Sunday, February 28, 2010

On the river

(Photo: Susitna River, February 2007)

As of 10 p.m. March 1, Mike was crossing onto the Susitna River, about 30 miles from Knik. I'm not sure when he left this afternoon; I'm guessing it was within a few hours after the racers of the Iditarod Trail Invitational started at 2 p.m.

At 2 p.m., the weather in Knik was 25 degrees and overcast. Light snow started to fall later in the afternoon, with about 2 inches expected through the night. Trail conditions where Mike is are variable — relatively fresh but packed snow in wooded areas, with wind-drifted powder out in open areas such as swamps and frozen lakes. This appears to be fairly similar to conditions last year, which means cyclists are working hard in the woods and pushing their bikes through open areas. Riding on top of packed fresh powder is akin to riding through soft mud, while wind-drifted powder is more similar to a giant, infuriating bowl of sugar. You could drive 100 snowmobiles over it, and it is never going to pack down into any kind of useable trail. Meanwhile, the round granules of snow add so much friction to the surface that pushing a 145-pound loaded bicycle through it probably feels like dragging a table through sand. It's mean stuff. And judging by his pace prior to the Susitna River, it seems Mike encountered at least a little sugar on Flathorn Lake and in the Dismal Swamp (which tends to live up to its name, although on clear days it offers fantastic views of Denali and other high peaks in the Alaska Range.)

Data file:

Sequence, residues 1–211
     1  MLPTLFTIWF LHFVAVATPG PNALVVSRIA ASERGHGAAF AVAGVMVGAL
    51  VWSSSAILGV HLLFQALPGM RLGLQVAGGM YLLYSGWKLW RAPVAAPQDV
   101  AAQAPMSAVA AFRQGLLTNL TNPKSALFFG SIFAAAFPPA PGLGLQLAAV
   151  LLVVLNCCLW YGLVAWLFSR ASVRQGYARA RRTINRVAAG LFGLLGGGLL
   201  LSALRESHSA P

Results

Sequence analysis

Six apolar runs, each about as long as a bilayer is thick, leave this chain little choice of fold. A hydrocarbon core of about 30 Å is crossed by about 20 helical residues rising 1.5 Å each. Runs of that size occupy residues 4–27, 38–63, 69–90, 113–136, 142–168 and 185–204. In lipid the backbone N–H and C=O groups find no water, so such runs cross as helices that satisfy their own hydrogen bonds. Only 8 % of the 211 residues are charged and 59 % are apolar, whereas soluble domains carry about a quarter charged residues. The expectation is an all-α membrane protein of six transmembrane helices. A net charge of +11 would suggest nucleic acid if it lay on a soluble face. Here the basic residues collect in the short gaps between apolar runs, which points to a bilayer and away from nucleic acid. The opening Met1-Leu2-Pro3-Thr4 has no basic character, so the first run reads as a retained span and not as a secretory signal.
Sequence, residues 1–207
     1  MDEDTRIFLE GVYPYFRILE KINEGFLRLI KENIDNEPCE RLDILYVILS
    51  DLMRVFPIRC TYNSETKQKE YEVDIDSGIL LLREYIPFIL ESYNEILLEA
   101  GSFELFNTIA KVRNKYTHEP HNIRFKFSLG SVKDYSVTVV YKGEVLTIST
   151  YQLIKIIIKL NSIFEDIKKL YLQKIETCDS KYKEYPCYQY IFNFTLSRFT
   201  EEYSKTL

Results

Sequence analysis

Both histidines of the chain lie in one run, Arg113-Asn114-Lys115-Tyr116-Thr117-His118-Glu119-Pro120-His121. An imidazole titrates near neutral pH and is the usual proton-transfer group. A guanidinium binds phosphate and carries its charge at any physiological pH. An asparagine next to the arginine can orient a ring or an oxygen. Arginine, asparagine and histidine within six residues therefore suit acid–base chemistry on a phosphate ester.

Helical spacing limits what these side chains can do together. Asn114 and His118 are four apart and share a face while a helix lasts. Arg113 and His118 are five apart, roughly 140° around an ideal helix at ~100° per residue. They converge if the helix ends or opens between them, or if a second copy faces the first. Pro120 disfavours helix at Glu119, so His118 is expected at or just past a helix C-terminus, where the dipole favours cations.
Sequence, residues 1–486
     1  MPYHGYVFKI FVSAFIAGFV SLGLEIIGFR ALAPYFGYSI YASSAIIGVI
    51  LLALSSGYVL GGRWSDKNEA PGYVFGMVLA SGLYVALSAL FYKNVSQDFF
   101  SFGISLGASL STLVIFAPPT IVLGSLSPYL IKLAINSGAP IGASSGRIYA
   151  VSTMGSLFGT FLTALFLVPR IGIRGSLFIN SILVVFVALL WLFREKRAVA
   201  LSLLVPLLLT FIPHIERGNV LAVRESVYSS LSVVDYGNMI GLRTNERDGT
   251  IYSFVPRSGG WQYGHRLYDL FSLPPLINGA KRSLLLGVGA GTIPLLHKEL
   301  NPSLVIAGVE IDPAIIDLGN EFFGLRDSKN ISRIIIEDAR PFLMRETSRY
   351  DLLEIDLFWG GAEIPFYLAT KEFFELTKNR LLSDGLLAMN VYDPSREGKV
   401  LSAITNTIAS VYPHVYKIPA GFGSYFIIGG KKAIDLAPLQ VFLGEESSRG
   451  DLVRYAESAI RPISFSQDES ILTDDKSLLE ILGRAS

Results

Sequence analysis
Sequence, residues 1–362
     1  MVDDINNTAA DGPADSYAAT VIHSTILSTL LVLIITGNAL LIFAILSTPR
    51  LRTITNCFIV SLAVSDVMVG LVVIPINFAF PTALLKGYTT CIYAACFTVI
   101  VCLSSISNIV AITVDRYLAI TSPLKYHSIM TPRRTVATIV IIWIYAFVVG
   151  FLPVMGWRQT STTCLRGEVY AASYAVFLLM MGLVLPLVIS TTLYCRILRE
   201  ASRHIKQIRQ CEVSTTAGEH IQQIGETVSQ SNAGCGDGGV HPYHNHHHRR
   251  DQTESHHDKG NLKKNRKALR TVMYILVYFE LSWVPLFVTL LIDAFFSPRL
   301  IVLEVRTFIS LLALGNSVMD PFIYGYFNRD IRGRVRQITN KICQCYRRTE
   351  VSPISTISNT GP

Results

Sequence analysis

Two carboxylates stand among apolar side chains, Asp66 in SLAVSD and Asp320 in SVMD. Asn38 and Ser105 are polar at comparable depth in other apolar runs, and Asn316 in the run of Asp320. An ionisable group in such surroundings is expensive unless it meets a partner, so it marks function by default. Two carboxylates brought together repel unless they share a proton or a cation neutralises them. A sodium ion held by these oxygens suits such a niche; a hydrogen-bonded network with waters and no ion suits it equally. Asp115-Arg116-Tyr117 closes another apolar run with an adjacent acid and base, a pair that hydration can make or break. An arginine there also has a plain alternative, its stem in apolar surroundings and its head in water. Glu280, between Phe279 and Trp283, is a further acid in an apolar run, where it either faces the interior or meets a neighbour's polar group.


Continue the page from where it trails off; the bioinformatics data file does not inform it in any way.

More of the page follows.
I imagine Mike will set up his tent tonight somewhere near the banks of the Yentna River and polish off one of his 1,800-calorie dinners. At 10 p.m., weather in Yentna was 23 degrees with light snow, so it should be a comfy night out on the river ice.

Friday, February 26, 2010

Touring Alaska, 2010.

Starting Monday I'll be out on the Iditarod Trail with my bike.

I've been there before, pretty much every February since 1997. From a certain perspective, it is the *one* constant in the annual cycle of the seasons for me. Ten years ago I stunned myself by completing the whole Iditarod from Knik to Nome. No one really thought it could be done as a race (hence the original "Impossible" moniker), but relatively favorable weather conditions allowed a handful of us to squeak through the Interior and along the coast despite how ill-prepared and ignorant we were of what we'd find out there.

That trip, and the lessons it taught about my own adaptability and capabilities, remains one of the brighter defining moments of this lifetime.